Debate on unity is divisive and distracting

Sir, – Prof Colin Harvey, in his article "Debate on united Ireland can't wait until unionists are ready" (Opinion & Analysis, August 7th), concedes that the outcome of his approach "will, however packaged, be experienced as defeat" by political unionism.

This approach is directly contrary to the expressed view of John Hume who said, when accepting the Nobel Peace Prize, that the Belfast Agreement respects the identities of all, and “there will be no victory for either side”.

In that spirit, let us use our energy to embark wholeheartedly on a mission to share this island equally with all who live here; seeking to ensure it is prosperous, develops in tune with nature and is fit for all inhabitants, regardless of which anthem we adhere to. Such an approach threatens no-one and is respectful of all identities, traditions and allegiances.

The Irish Government’s Shared Island initiative is seeking to advance that process, without referendums or further constitutional change, and without acceptance or rejection of a united Ireland. Therein lies the clear conceptual distinction between a “shared island” and a “united Ireland’. To pretend otherwise is to set the scene for a divisive and distracting and unresolvable debate around identity and allegiance, when there are so many other very urgent issues demanding our attention. We need to combat global warming and ensure a just transition; manage the outworking of new technology on our working and private lives; seek to ensure the delivery of high-quality comprehensive healthcare and educational services for all; build affordable homes for everyone; develop our cities, towns and rural communities in ways that enhances our lives; and reform our agrifood industry so that it contributes to the sustainability of our planet. And in the meantime navigate our way through the current pandemic. A huge agenda, none of which will be addressed or resolved by a polarising debate on a “united Ireland” or preparations by Government for border polls.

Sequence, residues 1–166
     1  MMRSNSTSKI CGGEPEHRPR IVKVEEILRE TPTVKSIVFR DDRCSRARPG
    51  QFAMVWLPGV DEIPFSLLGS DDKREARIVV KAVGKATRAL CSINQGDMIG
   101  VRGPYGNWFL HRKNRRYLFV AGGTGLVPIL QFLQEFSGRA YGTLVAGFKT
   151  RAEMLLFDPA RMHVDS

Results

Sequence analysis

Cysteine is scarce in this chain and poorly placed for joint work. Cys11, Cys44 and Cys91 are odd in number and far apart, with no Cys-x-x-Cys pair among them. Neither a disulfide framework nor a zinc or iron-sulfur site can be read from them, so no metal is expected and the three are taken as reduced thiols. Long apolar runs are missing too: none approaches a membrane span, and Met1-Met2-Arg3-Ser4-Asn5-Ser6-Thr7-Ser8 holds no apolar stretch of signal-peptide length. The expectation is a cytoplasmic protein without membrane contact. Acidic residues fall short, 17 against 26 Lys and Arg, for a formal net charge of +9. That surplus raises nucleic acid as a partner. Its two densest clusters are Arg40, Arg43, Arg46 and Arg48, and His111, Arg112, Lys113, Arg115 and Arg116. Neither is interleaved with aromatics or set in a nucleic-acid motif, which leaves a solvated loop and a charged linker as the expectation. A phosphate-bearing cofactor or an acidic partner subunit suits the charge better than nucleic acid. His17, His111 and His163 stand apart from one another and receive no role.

Let’s have the interplay of the values and principles of all political persuasions on this island contributing to and shaping the evolution of our shared island. Let’s negotiate a “Good Neighbour Pact” between North and South which reassures that the shared island approach is not a Trojan horse for a united Ireland.

If in the future a broad consensus emerges that the relationships within, and between these islands, would benefit from a new constitutional framework that encompasses the plurality of our allegiances, identities and cultures, so be it. And if not we will have lost nothing by concentrating now on what is urgent, achievable, and most likely to contribute to the wellbeing of all who live on this island. – Yours, etc,


(Former TD and MEP),

Dublin 11.